Then we asked our SEO team: in your experience, how difficult is it to optimise for these ranking factors?
We’re taking into consideration:
- How our clients’ SEO teams are working with other internal teams such as development, PR and compliance
- How our clients’ teams work with their other agencies
- How far our clients’ budgets typically stretch
- How far down our clients’ lists of priorities SEO activity tends to be.
How we use this study
…but really, if your experience says that optimising for a ranking factor is easier than we do, congratulations! You have a competitive advantage. If we all agree that something is a significant SEO ranking factor but you think it’s easy to tick off your list – and we’re telling you everyone else struggles to get it done – it should absolutely be a priority when you’re putting together your SEO strategy.
…especially if you’re currently focused on something that might not be so important.
Tactics that are extremely important but also extremely difficult to optimise for tend to be our long-term strategies. If we’ve previously been looking at things that are difficult – but not that important – we’ll try to move the conversation onto something we think will have more of an impact.
So without further ado…
Our full 2018 Google ranking factors matrix
Top 10 most-important Google ranking factors
Top 10 easiest things to implement
10 things we’re confident aren’t important for rankings
The 10 things that are more important in our experience:
- HTTPS/SSL – The difference here is definitely 2018 (us) vs. 2015 (Moz). Though Google had already claimed that HTTPS was a ranking factor before Moz published its survey results, it was largely untested, with few big sites making the switch. Google has since made several changes increasing the overall importance of HTTPS.
- Dwell time and long click metrics – We’re collectively 100% convinced time to long click is a huge ranking signal after numerous tests circa 2013-14 – nowadays we try to optimise our clients’ sites to better retain visitors as part of every strategy.
- Keywords associated with domains through entity association – It’s why AutoTrader will always rank for “used cars”, for example. The brand is synonymous with the keyword.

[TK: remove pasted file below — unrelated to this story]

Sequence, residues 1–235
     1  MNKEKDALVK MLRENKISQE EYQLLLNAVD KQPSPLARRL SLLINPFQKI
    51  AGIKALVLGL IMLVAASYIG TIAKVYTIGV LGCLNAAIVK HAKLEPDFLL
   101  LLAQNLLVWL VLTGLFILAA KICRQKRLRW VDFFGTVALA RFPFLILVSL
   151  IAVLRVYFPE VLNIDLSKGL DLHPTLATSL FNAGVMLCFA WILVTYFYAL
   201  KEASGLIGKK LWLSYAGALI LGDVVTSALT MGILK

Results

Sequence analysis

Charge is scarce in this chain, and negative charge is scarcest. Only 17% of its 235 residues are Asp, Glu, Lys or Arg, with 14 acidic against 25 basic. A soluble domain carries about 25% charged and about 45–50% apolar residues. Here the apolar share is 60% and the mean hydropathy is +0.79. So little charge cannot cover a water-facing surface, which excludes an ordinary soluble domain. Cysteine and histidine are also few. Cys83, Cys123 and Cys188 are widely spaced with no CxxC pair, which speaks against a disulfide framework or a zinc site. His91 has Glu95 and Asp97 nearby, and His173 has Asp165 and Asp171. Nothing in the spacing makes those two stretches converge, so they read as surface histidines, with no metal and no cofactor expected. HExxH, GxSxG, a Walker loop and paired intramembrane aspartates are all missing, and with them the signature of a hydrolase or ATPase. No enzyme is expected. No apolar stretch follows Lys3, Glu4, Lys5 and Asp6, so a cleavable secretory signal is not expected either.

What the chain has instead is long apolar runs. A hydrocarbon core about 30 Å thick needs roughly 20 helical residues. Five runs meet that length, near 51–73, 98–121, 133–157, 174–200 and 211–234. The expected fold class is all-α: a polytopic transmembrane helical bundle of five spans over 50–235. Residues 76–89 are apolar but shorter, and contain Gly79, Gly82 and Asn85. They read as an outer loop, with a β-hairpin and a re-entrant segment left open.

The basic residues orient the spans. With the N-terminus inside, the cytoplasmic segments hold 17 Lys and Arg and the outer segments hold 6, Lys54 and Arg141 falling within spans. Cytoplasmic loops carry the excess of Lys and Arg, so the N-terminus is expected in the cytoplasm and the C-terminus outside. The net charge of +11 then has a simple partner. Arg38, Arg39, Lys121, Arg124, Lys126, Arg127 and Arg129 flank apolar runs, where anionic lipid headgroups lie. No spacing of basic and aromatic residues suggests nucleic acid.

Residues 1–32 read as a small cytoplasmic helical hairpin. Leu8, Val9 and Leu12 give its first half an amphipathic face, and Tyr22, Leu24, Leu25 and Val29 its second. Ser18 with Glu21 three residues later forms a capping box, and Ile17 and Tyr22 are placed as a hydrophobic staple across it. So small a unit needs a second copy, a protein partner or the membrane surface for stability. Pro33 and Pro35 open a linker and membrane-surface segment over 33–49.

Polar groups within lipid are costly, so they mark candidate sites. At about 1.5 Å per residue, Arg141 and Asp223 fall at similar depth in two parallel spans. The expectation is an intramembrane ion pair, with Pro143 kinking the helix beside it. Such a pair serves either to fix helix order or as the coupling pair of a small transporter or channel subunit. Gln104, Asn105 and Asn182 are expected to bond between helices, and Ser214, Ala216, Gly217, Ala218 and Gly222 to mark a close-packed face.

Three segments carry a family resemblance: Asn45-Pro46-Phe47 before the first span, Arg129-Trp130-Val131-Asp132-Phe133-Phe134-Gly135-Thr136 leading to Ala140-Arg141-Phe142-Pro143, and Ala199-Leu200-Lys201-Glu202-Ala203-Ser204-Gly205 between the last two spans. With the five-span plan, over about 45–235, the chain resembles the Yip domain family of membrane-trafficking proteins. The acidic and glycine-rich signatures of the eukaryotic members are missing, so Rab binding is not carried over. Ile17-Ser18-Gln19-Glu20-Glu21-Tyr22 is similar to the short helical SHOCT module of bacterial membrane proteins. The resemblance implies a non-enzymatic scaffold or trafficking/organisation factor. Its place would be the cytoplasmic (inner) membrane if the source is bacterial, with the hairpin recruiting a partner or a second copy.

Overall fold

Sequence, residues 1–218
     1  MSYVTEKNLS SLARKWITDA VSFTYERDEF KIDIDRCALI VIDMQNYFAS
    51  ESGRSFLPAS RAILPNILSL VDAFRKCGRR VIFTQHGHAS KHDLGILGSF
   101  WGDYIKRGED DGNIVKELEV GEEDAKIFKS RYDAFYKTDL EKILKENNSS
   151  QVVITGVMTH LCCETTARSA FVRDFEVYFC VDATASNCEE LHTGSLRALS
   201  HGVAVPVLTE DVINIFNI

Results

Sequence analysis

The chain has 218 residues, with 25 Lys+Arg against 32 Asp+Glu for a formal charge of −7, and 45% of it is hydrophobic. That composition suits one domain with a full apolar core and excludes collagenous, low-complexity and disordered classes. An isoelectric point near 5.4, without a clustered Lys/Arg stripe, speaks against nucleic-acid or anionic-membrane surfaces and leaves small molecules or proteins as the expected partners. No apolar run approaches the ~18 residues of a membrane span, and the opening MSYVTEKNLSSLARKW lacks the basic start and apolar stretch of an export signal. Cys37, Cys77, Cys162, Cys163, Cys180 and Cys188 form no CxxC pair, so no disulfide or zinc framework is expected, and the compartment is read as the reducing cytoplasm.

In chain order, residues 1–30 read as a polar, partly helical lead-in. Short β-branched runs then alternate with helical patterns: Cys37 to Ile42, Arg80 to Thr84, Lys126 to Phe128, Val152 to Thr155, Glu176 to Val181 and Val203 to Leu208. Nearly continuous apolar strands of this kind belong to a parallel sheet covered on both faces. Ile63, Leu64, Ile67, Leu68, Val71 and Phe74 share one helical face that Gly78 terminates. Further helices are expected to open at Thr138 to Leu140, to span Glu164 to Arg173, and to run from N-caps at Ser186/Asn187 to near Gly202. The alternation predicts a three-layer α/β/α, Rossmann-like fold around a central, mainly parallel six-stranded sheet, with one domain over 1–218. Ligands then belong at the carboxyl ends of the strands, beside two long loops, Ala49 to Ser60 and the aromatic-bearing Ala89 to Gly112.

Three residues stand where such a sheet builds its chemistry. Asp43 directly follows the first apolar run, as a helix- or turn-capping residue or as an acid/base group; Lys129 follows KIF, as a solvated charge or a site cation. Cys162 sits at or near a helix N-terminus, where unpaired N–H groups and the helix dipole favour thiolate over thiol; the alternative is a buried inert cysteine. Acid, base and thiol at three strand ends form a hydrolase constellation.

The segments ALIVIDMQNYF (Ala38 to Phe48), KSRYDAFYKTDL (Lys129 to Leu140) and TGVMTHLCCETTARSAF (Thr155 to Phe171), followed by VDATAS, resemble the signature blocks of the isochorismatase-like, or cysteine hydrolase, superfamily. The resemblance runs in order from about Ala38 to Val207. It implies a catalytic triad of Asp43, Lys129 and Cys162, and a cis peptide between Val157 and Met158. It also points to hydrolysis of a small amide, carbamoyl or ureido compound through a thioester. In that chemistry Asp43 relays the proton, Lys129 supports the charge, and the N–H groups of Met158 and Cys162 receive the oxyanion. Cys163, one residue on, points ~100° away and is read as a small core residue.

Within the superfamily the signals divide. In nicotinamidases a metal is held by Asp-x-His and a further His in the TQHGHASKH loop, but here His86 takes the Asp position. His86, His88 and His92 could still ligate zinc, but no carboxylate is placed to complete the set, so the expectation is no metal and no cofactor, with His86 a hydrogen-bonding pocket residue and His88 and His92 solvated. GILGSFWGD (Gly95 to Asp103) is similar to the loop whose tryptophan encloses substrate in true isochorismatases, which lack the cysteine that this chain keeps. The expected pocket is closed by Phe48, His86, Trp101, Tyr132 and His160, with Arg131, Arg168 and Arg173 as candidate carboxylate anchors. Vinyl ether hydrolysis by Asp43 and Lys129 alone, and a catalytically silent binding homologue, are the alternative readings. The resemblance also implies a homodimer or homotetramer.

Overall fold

- Keyword is present in the root domain name – Exact match domains work, even though they shouldn’t. Some of the businesses we work with have a couple of core keywords where EMDs are extremely difficult to dislodge, even though they look like spam sites.
- Domain-level, keyword agnostic features – Technical SEO has accelerated since 2015 and the industry has collectively bought into tactics like site speed optimisation (thankfully). Links are harder to come by, which may be part of the story, but actually new technologies like AMP are providing us with a new competitive advantage every month, if we can get them implemented.
- Quantity of searches for this keyword + specific brand name, URL or domain name – See above.
- Responsive design and/or mobile optimised – Again this is probably 2015 vs. 2018. Mobile optimisation is becoming more important as Google rolls towards its mobile-first index, so this should be high on your agenda.
- Page load speed – The faster page usually wins. ‘nuff said.
The 10 things that are less important in our experience:
- Bounce rate – Google doesn’t use bounce rate, although Bounce Rate as a metric in Google Analytics is often a good indicator of more significant metrics like dwell time (long clicks).
- Link velocity of the page and page-level link metrics – Internal pages don’t naturally acquire links very often and it’s unreasonable to reward pages that do because there’s almost certainly something going on to make it happen.
- Topical relevance of linking domains – Again, we’ve written about niche sites Our link acquisition strategies tend to revolve around national press and high authority sites who tend to write about everything. Niche blogs can be good to drive traffic but aren’t usually as good for SEO.
- Domain is associated with high-authority authors – Author Rank used to be (rumoured to be) a thing and now it isn’t. We’ve moved on in the last two years.
- Anchor text – Causes penalties. It’s also nearly impossible to get good links with anchor text, so unless you want to get branded anchor text you’re going to be disappointed.
- Position/context of inbound link – Links in content do fare a little better than sidebars, footers etc. – but does anyone do that anymore?
- Sentiment – We get great results from regular links on the Daily Mail, where the sentiment is always negative, regardless of what we’ve done.
- TrustRank – Is a bit more complicated than metrics like MozTrust or Trust Flow would suggest, and we don’t believe it’s based on distance from a trusted set of pages/sites – rather that sites in X industry are expected to have links from a set of specific sites to prove they’re legitimate.
What should you do about this?
We don’t think Google uses totally different ranking factors for big brands and competitive queries so what you need to optimise for depends entirely on what you’re able to do. It’s not helpful to say that Google ranks a website based on a factor that we can do very little about (e.g. Rankbrain) – your starting point should be to decide what’s disproportionately easy for you to do. Do you have less red tape than brands in your sector? Do you have a bigger development team? It’s only a factor in whether you rank if you’ve managed to do something about it.